Plate reverbs was one of the original – and one of the most cumbersome – ways of getting reverb in music.
As the name suggests, plate reverb was created with units that housed huge metal plates, vibrated by a transducer in the same way a transducer vibrates the cones in your monitors to produce sound.
Plugins that emulate plate reverbs have obvious advantages over these weighty units, and they sound great too.
One of the best plate reverb plugins is Waves Abbey Road Plates which recreates the sound of the plates at the iconic studio.
Plate reverbs are literally plates of metal vibrating thanks to a transducer ‘playing’ music onto the plate and the vibrations causing the resulting bright reverb. Abbey Road Plates emulates four different physical plate reverbs at Abbey Road. These have a different character with D sometimes favoured for vocals and the others for instruments, but it’s a matter of personal taste.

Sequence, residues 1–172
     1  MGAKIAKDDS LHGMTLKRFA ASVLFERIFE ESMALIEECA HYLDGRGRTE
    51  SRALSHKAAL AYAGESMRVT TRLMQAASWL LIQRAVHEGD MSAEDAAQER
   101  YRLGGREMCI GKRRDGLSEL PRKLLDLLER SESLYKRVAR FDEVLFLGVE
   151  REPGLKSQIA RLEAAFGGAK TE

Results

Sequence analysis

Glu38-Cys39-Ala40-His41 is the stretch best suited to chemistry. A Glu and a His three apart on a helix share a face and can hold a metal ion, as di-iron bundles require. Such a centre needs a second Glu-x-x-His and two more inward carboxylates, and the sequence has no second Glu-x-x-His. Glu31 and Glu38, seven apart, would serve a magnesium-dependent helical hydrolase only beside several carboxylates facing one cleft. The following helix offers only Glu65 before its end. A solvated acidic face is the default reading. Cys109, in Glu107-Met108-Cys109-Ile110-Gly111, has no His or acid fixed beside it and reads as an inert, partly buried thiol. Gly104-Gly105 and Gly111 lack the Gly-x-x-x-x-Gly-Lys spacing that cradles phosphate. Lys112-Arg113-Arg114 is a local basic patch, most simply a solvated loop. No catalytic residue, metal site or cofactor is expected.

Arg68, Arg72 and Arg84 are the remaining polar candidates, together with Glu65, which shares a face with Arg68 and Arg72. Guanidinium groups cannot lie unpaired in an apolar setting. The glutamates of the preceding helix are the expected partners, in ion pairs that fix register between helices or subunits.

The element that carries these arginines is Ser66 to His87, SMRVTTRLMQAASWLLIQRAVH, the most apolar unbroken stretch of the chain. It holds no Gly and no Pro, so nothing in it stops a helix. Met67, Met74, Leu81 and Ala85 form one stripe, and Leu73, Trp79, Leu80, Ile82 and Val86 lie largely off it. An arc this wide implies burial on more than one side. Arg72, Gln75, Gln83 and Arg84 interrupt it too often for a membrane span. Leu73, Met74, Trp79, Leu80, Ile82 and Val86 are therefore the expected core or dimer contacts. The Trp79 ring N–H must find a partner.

Plate reverbs will have standard reverb controls, although they may look a little different if modelled on the original ’60s hardware. Here the input and output might look like they’re going to beam you aboard the USS Enterprise but they simply set levels, and the Dry/Wet dial sets the level of the reverb.
Similarly the Damper level is actually just the reverb time; the higher it’s set, the longer the effect. Predelay is standard though: the time between your input signals stopping and the first reverb reflection starting.
Finally standard EQ dials let you shape your tone and the Drive dial adds some saturation, emulating the original amplifiers, while the Analog dial adds some noise and hum; the sound of the device’s circuits, if you like.
For free reverbs, TAL’s Reverb 2 and Reverb 4 will give you excellent plate reverbs. While our very own Hyperspace CM2, available free with every issue of our sister magazine Computer Music, might not be for specific plates, it is flexible enough to give you similar results.